|At about 1:30am, Nenad Rendic is armed with his wake-up call device, his mobile phone.|
While most people are sleeping during the wee hours of the morning, Nenad Rendic is immersed in conversation online with his fellow stutterers. Every Sunday at 2am, Rendic, a 71-year-old retired navy merchant and person who stutters from Split, Croatia, gives himself a wake up call so he can join the Stutter Social hangout held during that time.
During those early morning hangout days, Rendic sets his alarm on his mobile phone so he’ll wake up on time. In addition to Sunday, that also means 2:30am on Tuesday and 4am on Wednesday.
Despite the time, he feels “very well when participating.” “I’ve never talked to fellow stutterers as much before,” he says.
Rendic first heard about Stutter Social in February from Shorn Jacob, a fellow participant from New Zealand, when they were chatting via Skype. “Since then, I’ve been in every hangout,” he says.
In the past few months, he says he learned a lot from them. “I’ve learned that people who stutter are in many different professions. (In the hangout), there are often theatre actors and people on the radio.”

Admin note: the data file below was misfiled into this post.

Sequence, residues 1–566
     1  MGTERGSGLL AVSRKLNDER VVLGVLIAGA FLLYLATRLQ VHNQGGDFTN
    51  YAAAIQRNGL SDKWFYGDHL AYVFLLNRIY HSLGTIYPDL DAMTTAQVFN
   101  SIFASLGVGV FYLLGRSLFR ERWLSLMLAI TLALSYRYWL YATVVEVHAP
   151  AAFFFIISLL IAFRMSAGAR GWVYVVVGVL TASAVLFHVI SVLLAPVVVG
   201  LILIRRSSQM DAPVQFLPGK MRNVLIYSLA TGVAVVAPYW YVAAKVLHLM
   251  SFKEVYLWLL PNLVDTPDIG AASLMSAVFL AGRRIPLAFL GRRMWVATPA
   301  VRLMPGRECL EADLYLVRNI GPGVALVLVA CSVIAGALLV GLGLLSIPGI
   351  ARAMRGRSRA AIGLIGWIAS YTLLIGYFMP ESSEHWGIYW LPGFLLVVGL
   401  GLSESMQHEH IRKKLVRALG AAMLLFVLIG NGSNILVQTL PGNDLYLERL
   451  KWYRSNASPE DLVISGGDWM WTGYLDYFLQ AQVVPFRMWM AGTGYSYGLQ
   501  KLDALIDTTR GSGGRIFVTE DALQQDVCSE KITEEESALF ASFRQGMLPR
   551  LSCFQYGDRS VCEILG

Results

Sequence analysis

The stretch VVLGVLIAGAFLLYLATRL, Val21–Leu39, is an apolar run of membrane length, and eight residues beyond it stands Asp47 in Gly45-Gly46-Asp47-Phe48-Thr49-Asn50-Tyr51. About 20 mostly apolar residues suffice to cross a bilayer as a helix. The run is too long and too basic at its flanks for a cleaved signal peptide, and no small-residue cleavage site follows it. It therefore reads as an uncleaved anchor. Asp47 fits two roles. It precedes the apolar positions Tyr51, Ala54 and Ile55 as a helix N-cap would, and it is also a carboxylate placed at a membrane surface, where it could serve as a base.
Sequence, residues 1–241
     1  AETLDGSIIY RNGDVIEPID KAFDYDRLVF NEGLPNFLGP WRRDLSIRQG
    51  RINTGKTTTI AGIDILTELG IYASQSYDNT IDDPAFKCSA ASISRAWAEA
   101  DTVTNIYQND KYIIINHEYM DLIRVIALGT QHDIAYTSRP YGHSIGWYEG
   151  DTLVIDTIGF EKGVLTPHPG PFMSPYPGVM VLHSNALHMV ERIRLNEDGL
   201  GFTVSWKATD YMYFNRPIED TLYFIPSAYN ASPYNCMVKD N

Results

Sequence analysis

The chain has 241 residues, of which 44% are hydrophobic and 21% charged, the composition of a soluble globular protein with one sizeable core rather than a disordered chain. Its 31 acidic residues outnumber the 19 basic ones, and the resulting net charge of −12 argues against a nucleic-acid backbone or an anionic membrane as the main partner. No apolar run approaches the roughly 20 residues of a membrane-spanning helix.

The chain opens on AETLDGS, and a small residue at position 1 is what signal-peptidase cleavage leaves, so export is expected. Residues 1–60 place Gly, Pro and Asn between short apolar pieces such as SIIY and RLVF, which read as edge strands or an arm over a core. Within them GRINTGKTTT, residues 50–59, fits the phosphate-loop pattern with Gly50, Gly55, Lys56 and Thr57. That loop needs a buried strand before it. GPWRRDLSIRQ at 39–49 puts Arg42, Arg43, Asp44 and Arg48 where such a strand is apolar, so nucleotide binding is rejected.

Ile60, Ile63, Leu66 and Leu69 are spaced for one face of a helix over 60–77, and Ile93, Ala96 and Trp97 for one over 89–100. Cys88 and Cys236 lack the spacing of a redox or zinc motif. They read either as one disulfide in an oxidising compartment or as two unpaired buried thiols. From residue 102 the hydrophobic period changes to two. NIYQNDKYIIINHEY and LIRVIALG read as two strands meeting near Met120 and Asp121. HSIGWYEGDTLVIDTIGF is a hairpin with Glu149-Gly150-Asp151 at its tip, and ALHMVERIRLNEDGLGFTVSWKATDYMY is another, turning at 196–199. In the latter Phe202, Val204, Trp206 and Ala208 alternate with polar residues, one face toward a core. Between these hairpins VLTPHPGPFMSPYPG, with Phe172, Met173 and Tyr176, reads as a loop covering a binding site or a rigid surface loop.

For Rendic, there are two things in particular that he gets out of participating in Stutter Social four times a week: improving his speech and refining his English.
As a young man, Rendic was in the Croatian merchant navy, where he served as a navigation officer on board cargo ships. During that time, he notes, he was a severe stutterer and had a fear of speaking.
“I used to write things down on a sheet of paper instead of talking,” he recalls. “Since there was no nautical school in Split, I had to attend school in Dubrovnik, where I had to travel by passenger ship. When getting my ticket, I had to use a pencil to write down the destination because I could not pronounce it.”
However, his attitudes changed when he went for speech therapy and began practicing his speech daily. “I’ve been practicing speaking to myself two hours a day and after that, practicing half an hour reading (aloud). I realized I could speak to more people.”
Now, after three years of practice and months of participating in Stutter Social, his efforts seem to have paid off. “I speak a lot better than I did three years ago,” he says, adding that he even cracks jokes from time to time.